In a detail that raises the issue of potentially serious conflicts of interest for a sitting president, the Times said that loans personally guaranteed by Trump are soon due for repayment.
– Drug test demand –
Even without the fresh fuel of the tax story, Tuesday’s Trump-Biden debate was destined to be a brutal affair.
Trump is doubling down on attempts to smear his rival’s mental state. Biden “doesn’t know he’s alive,” is one of his new catchphrases.
As the debate nears, Trump has said they should both take a drug test.
“Joe Biden just announced that he will not agree to a Drug Test. Gee, I wonder why?” Trump tweeted Monday.
When asked by reporters about the demand over the weekend, Biden laughed before declining to comment.
But his deputy campaign manager Kate Bedingfield had a blunt riposte: “Vice President Biden intends to deliver his debate answers in words. If the president thinks his best case is made in urine he can have at it.”
© 2020 AFP
‘Truly grotesque’: On way out the door, Trump prioritizes bringing back executions by firing squad and electrocution
Among the slew of potentially destructive policy changes the Trump administration is rushing to implement on its way out of power is a rule that would authorize the return of electrocutions and firing squads for federal executions, an effort critics slammed as a twisted priority amid deadly public health and economic crises.
ProPublica reported Wednesday that the rule, first published in the Federal Register by the U.S. Justice Department in August, "has raced through the process with little notice but unusual speed—and deadly consequences."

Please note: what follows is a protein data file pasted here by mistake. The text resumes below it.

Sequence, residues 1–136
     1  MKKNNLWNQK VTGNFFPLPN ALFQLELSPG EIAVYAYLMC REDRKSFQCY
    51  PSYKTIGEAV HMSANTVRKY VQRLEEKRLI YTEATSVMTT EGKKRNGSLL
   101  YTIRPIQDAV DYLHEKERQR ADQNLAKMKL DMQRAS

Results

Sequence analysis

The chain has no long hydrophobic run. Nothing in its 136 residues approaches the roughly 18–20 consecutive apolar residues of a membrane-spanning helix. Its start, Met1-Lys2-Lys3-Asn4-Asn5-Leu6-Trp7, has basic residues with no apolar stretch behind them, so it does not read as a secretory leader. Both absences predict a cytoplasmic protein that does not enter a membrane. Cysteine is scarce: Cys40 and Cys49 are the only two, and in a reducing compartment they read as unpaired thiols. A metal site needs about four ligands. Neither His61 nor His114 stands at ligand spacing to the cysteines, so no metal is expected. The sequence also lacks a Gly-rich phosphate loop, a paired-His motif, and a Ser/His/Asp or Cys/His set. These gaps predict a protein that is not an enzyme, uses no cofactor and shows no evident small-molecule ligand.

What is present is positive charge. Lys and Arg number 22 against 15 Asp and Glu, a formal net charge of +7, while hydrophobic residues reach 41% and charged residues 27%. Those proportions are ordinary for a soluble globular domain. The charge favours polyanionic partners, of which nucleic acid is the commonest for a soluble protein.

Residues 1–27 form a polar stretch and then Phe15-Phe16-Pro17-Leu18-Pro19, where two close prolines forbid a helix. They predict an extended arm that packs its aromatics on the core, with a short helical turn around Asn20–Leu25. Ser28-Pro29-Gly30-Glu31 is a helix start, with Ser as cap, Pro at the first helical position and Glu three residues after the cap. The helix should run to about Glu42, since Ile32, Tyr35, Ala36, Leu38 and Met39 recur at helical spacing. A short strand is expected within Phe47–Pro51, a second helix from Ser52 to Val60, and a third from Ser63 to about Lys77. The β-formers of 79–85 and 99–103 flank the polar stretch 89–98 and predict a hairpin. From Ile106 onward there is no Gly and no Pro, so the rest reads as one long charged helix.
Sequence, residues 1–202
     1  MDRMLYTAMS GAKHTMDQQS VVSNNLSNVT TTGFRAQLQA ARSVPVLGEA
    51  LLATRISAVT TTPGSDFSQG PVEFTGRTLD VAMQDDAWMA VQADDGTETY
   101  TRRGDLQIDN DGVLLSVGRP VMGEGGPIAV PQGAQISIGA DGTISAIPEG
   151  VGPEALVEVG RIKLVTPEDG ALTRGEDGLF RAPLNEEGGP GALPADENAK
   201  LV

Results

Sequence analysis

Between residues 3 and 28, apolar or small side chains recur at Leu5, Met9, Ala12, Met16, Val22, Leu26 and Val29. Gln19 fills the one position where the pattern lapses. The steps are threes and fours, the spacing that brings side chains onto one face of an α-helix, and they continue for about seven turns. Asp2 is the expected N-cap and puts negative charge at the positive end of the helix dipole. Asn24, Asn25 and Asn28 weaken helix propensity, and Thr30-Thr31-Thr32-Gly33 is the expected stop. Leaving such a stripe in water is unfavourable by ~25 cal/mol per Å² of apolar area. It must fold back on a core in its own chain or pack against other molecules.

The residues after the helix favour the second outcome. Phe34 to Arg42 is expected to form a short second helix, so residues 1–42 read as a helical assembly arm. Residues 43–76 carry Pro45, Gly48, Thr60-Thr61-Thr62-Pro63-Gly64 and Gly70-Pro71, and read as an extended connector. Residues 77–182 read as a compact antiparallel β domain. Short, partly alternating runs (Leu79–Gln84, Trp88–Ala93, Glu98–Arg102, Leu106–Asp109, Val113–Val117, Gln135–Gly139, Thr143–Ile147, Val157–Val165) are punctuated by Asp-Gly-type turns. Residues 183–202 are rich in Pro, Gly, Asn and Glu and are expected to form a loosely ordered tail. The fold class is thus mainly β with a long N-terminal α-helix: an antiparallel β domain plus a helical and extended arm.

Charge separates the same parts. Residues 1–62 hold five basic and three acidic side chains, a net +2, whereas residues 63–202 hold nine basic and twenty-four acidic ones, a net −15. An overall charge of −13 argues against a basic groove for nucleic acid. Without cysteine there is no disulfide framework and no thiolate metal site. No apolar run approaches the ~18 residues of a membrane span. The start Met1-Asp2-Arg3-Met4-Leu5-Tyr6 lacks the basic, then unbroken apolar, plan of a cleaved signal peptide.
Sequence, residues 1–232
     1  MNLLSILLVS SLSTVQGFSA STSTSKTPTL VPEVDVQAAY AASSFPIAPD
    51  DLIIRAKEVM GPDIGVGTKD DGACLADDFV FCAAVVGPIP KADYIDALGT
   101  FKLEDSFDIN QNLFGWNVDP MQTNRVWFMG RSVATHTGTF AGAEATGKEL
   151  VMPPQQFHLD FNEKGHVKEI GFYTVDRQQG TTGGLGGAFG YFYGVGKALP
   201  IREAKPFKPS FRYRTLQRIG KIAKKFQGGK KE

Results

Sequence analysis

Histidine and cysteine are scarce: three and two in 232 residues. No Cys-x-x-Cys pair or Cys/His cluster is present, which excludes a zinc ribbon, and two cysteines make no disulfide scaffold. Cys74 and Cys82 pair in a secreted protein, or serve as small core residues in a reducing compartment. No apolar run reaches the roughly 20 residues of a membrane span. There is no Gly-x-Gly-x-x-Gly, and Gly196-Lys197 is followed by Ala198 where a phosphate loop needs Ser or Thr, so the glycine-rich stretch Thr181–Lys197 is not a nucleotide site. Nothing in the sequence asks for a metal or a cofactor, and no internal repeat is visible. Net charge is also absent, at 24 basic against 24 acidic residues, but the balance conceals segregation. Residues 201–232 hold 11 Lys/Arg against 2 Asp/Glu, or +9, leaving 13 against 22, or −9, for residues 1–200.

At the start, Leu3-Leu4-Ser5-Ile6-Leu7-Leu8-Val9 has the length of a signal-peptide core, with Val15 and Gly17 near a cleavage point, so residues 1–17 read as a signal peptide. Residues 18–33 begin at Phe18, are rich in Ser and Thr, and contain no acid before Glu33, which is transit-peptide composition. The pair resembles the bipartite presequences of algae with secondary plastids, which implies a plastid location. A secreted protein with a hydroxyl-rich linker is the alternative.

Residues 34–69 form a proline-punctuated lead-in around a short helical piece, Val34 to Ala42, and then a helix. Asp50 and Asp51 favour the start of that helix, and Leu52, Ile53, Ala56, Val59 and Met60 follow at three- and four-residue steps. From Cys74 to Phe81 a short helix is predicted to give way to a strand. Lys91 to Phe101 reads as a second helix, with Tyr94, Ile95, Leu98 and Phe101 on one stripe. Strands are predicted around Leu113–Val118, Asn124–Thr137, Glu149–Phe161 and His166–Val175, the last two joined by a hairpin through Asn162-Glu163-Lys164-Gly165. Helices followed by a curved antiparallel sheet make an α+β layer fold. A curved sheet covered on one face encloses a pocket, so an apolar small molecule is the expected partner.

"This rule could reintroduce firing squads and electrocutions for federal executions, giving the government more options for administering capital punishment as drugs used in lethal injections become unavailable," ProPublica noted. "The Justice Department surfaced the proposal in August and accepted public comments for only 30 days, instead of the usual 60. The rule cleared White House review on Nov. 6, meaning it could be finalized any day."
Americans ‘won’t stand’ for election results not being honored: Biden
US President-elect Joe Biden said Wednesday that Americans "won't stand" for the results of the November 3 election not being honored.
"Our democracy was tested this year," Biden said in a Thanksgiving Day address in his hometown of Wilmington, Delaware. "And what we learned is this: The people of this nation are up to the task.
"In America, we have full and fair and free elections, and then we honor the results," he said. "The people of this nation and the laws of the land won't stand for anything else."
Biden did not mention Donald Trump by name but he was clearly referring to the president's refusal to accept the results of the election.
The strange truth about our Trump addiction
Are we addicted to Donald Trump? It's a question that's haunting journalists and political commentators, most of whom hate Trump but cannot deny that his name drives traffic and ratings. Even though Trump lost the election and Joe Biden will be the next president, Trump continues to be the big attention draw for political websites and cable news networks.
Part of that is completely understandable. Trump is still big news. He literally spent the past few weeks attempting a coup. While he failed, that doesn't change the history-making fact that he even tried, or that he got so much support. Certainly Biden, whose main activity is finding boring-but-competent people to staff his administration, can't compete with that, and there's no real indication that he wants to. (Unlike Trump, Biden views governing as a job and not just an opportunity to get attention.)